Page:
0054: Am I an Unintentional Imperialist? What am I really doing?
#teaching #learning #revolution
I’m coming to a point where I don’t believe. I’ve told myself “education is a tool for transcending any obstacle”. I’ve told students, parents, and teachers that. I’ve been an education evangelist. But, my faith is running thin. I’m preaching, but I’m not believing. And, this disagreement between word and belief is grinding my soul to a halt.
Going to work each day believing I’m making a significant difference in the lives of students is a thin lie that I have bought into. Beyond a lie, it is a paternalistic lie. I sweep down from some ivory tower with theories and practices designed to “liberate minds and souls”. I go to work as a missionary, fighting the sins of the “uneducated”. But, isn’t missionary another word for imperialist? Am I an unintentional imperialist? Is my actual job to tame an otherwise wild citizenry? And, by “tame the wild” I mean systematically align the thought processes of groups of children with an agenda designed to…I’m not sure, maybe not really function. Maybe not thrive. Maybe not make waves when injustices are committed against them or others.
Am I a part of an unstoppable system that functions only as an organ in the greater oppressive body that is our society, a body that keeps all its parts starved so they will be obedient.
I am a teacher, and I sneak little tidbits of rebellion into every lesson. I teach radically, and “teach for social justice”. I talk about amazing things. My students talk with me about these things. But who is transformed? Me? I live a middle class life. My needs are met. I am doing a job that pays me. That is wonderful. But each day, when the work is done I get to go back to my middle class reality. My things that keep me satisfied. My things that help me not worry so much about my neighbor across the bridge. Don’t get me wrong, I barely have enough to get by…but I have enough. I have to budget, but I have enough. I am a part of a system that doesn’t work. I need the system to feed me, so maybe I won’t stir any trouble. And if I do, I’m an alarmist or a fool. We are a part of a well oiled machine.
Each day I suppose I am chipping away at a wall. But, is sitting in classrooms talking about hope, or more realistically having algebra and grammar shoved down their throats really helping them transform their own communities?
We teachers try each day to do our best in a system that produces semi-literate people. There is no intention of making people thrive with education. If it was for that then people would thrive. People would be really literate and would be problem solvers. If people were really educated they would revolt. I don’t like being a part of a system that somehow starves people. People are straining for hope, and we give them algebra. I may be completely off base. If I am tell me. Help me see the light. I am missing it?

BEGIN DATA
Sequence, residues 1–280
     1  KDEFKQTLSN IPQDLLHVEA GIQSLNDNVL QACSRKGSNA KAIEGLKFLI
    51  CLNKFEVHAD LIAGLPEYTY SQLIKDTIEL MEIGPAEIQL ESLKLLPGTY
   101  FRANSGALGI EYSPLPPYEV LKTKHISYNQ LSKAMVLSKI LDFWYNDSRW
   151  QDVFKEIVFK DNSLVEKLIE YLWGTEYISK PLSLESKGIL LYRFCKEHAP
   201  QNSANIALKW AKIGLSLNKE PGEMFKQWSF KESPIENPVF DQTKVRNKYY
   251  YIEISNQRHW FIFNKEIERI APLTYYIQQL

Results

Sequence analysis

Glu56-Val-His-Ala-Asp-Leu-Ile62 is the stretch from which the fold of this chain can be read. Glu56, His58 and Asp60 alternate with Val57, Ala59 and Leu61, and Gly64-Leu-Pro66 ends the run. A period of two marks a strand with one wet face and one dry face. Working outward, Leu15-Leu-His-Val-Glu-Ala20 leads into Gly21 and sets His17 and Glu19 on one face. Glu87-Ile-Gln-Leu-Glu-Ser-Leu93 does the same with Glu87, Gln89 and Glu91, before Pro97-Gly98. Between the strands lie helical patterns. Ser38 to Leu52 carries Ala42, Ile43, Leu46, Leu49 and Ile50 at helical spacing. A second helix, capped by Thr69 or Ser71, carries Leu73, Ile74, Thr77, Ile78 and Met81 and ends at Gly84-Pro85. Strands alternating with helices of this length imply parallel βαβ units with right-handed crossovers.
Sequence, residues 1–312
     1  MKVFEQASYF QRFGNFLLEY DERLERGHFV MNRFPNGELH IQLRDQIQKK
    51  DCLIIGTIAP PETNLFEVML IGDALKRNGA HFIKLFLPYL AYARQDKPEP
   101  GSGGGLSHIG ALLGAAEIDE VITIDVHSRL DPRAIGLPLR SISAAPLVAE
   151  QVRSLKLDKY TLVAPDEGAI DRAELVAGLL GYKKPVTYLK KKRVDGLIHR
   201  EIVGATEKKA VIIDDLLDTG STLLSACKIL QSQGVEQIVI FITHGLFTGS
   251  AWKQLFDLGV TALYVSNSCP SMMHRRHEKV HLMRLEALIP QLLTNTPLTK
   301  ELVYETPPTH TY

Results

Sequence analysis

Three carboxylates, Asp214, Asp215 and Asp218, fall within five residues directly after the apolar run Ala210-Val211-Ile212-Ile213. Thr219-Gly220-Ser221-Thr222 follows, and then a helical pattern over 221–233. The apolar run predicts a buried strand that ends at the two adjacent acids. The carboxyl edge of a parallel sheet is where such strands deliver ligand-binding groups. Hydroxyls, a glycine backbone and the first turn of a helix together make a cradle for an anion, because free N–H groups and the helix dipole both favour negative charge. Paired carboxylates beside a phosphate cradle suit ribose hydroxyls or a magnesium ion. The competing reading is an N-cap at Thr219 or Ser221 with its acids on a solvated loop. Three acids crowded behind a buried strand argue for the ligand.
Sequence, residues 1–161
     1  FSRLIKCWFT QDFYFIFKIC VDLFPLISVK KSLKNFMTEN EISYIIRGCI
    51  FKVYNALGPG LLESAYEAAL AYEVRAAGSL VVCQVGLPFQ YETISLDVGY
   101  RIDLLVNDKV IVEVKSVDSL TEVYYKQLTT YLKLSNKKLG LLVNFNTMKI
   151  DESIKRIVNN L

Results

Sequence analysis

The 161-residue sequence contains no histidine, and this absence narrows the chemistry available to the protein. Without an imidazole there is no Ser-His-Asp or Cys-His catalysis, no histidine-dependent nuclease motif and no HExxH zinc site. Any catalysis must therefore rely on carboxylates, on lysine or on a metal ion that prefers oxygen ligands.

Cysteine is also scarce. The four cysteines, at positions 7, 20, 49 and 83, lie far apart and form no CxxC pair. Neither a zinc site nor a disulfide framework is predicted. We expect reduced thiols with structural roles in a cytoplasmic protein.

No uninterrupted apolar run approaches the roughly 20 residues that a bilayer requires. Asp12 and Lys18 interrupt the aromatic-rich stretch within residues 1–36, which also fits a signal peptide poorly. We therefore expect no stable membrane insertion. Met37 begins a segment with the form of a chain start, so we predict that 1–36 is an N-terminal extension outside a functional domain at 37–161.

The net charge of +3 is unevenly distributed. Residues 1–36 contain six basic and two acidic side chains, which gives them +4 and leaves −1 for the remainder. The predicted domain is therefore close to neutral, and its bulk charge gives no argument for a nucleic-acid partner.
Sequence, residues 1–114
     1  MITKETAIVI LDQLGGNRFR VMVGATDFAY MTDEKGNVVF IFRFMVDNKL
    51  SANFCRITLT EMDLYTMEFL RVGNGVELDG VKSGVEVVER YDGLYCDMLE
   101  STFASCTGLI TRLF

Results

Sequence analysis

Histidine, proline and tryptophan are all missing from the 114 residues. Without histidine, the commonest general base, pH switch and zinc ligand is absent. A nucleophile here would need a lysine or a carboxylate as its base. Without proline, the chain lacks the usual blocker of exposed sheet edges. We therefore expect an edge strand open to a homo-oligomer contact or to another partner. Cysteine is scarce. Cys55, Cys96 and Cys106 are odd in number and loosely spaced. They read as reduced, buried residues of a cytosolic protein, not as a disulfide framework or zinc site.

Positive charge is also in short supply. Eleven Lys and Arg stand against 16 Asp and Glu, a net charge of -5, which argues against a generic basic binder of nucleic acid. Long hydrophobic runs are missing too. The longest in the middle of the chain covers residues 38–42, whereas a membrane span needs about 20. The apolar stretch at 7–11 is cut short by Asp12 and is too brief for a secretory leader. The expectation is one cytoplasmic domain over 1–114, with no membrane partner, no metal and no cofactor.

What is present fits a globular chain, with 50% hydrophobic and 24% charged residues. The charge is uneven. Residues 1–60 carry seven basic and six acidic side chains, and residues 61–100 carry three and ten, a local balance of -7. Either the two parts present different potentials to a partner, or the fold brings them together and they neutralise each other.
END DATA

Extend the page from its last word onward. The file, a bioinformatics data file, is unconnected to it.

I know one thing, education is not the only problem. It does not function, but it seems it’s only one of many diseased organs.
0020: Time to Talk Race, Class, Gender, and Sexual Orientation in Middle School
Time has to be made for relevant discussion in classrooms. We’re all fast away making sure curriculum is being learned in a timely manner, and it’s easy to forget to involve the students. Sometimes it’s frowned upon. Students have issues that need to be heard, and they’re not all pretty. But, they need help dealing with emotions, fears, and so forth. They need help putting words to what they’re experiencing, and that help comes from someone listening.
I had the chance to engage a class in good conversation this morning. I’ve heard quite a few of my students (and many others) outside of class calling each other “gay” or “fag” along with a slew of other terms. This has been an issue in every school I’ve taught. It was when I was in school and quite possibly will continue to be until people stop to talk about it. The discussion got to go beyond “don’t say that” and turned into a discussion lead mostly by the students about homophobia and the cultural acceptability of people who identify as gay in their community. I’ve always been impressed by students’ willingness to engage in these conversations an voice their opinions. Furthermore, their ability to examine themselves honestly during these discussions in amazing. I find myself drawn in and pensive during these, as they always move me into self-examination. The conversation continued into matters of race and class when a student expressed a desire to be white. A few students got mildly hostile at first, but when prompted to listen to her understood better what she meant . We discussed the importance of finding peace with who you are regardless of race, class, gender, or sexual orientation.
This discussion will be ongoing, and many things weren’t remedied, but we entered into the dialogue. We walked away from the discussion today a with a little more self-awareness and a better understanding of each other. I relish these moments as a teacher as the most important part of the job.